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Can someone with a life estate file a partition to sell the property or does remaindermen have to do it?

Kingston, NY |

2 sisters are remaindermen,brother has life estate. would life estate holder be re-imbursed for anything which he is responsible for under life estate such as taxes,upkeep and maintenence at sale by partition?

house was inheritated by the 3 siblings,brother chose to have a life estate because he was running from bill collectors,thought he could avoid a lein on house by having a life trust or will involved. all the deed says is: " subject to and reserving a life estate in favor of ( NAME) ,son of decedent and tenant in posession"

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Best Answer

From what you state, it sounds like your brother's life estate is not a concurrent interest with the remaindermen so there isn't anything to partition. He could sell his life estate to anyone, including the remaindermen, but unless the purhaser has a remainder interest they want to consolidate, there probably isn't much value to the life estate. You need to sit down which an attorney who can review the documents before giving advise particularto your situation.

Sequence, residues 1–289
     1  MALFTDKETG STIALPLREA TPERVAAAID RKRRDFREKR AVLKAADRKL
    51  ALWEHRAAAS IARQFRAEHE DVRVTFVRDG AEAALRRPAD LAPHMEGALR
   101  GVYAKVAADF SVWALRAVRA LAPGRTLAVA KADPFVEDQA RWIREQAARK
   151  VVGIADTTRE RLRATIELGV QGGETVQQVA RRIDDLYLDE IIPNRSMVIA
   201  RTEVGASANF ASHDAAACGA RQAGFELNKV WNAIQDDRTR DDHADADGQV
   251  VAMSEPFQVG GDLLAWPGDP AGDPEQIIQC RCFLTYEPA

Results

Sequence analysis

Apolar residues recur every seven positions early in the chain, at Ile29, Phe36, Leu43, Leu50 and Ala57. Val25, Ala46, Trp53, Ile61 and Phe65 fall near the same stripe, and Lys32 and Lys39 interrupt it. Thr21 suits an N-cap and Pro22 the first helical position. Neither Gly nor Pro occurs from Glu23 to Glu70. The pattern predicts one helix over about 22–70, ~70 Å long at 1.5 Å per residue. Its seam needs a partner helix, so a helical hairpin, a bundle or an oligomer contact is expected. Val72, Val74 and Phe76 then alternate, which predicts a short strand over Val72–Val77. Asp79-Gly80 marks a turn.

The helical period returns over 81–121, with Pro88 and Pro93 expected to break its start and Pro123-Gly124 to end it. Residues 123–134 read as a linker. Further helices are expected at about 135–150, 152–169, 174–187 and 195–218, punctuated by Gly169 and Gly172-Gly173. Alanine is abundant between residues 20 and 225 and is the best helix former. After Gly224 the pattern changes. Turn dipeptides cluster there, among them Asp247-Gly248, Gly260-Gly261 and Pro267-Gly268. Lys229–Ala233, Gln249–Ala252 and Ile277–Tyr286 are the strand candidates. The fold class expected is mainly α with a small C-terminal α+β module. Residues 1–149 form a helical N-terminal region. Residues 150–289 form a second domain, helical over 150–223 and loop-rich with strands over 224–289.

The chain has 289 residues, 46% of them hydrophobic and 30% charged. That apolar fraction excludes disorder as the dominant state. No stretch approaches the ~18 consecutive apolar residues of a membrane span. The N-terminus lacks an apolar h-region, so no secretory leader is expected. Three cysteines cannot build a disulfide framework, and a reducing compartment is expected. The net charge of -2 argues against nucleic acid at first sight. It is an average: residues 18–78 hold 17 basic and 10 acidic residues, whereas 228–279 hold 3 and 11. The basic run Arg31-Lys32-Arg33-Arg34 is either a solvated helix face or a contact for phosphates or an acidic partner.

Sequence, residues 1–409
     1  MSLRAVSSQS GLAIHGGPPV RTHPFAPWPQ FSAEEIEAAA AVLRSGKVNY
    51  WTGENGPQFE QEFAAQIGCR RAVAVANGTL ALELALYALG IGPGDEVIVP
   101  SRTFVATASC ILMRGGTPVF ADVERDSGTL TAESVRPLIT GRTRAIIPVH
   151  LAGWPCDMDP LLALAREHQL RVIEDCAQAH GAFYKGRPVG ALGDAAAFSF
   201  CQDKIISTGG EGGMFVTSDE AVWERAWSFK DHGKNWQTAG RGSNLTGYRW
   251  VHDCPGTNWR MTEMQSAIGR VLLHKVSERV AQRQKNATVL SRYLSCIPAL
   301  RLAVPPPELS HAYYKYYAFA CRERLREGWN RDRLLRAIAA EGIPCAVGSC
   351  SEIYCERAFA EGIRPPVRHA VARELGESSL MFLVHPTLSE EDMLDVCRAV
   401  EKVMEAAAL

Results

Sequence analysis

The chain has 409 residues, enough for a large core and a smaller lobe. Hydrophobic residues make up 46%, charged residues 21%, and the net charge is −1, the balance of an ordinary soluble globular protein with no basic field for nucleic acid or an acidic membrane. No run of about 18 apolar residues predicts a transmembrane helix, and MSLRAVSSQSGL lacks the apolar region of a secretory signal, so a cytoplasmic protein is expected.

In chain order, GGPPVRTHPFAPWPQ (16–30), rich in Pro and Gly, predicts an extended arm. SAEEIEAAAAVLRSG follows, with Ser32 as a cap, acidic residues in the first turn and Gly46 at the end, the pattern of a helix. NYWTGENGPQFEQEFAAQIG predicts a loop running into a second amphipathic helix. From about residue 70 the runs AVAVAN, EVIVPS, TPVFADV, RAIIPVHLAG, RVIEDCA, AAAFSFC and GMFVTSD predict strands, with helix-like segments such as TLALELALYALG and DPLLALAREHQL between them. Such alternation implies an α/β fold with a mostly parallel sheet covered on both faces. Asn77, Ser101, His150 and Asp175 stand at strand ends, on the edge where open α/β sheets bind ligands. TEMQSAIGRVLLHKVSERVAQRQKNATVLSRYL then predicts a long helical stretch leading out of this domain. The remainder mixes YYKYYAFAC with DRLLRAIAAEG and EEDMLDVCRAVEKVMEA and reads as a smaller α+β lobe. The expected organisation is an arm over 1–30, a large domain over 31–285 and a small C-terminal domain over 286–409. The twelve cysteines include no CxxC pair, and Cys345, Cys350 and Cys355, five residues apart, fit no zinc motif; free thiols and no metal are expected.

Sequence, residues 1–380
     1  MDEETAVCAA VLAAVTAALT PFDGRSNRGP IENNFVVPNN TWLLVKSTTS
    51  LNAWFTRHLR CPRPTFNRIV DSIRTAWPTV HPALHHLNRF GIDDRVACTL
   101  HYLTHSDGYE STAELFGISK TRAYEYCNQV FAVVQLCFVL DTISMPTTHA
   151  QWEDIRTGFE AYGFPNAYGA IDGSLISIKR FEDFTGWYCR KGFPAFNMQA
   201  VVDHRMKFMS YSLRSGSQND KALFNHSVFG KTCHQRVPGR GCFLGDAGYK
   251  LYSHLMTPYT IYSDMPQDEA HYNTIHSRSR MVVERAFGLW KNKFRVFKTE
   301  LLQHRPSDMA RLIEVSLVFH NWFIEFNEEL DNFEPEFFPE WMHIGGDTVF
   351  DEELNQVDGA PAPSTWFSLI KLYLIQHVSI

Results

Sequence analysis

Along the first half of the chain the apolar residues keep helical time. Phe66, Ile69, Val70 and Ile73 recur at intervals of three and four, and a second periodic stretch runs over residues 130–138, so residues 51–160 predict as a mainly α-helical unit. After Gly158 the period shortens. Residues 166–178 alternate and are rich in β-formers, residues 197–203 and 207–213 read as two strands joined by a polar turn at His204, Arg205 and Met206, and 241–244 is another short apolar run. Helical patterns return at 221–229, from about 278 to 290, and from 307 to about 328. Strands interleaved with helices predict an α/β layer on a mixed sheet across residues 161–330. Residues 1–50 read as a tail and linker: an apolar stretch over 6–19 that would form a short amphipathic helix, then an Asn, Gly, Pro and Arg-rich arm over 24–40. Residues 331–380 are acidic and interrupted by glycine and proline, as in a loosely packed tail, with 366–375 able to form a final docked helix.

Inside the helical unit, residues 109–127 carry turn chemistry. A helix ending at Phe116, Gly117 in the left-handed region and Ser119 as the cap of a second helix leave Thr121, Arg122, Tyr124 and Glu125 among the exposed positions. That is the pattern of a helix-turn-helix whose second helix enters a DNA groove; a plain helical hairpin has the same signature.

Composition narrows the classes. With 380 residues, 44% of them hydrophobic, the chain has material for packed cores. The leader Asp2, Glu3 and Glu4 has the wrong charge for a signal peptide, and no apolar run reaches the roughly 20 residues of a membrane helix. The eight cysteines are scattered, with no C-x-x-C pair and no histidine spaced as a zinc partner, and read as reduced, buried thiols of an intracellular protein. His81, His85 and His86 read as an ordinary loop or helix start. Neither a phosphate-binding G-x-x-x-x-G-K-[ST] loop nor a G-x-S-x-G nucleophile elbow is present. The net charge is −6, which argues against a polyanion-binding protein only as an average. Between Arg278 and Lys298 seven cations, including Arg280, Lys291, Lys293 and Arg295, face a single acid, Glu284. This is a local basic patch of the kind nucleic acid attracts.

On what basis is the partition being sought? Was this through a trust? If the sisters are doing it, they may be challenging the trust or the Will.

The life estate holder has the right to occupy the property for life.

What are you doing and why?

You really need to sit down with an attorney.

The general advice above does not constitute an attorney-client relationship: you haven't hired me or my firm or given me confidential information by posting on this public forum, and my answer on this public forum does not constitute attorney-client advice. IRS Circular 230 Disclosure: In order to comply with requirements imposed by the Internal Revenue Service, we inform you that any U.S. tax advice contained in this communication (including any attachments) is not intended to be used, and cannot be used, for the purpose of (i) avoiding penalties under the Internal Revenue Code or (ii) promoting, marketing, or recommending to another party any transaction or matter addressed herein.


It depends on the language of the governing document (will, trust, etc.). It may be authorized but it may be prohibited also. Hard to tell without examination of those documents.

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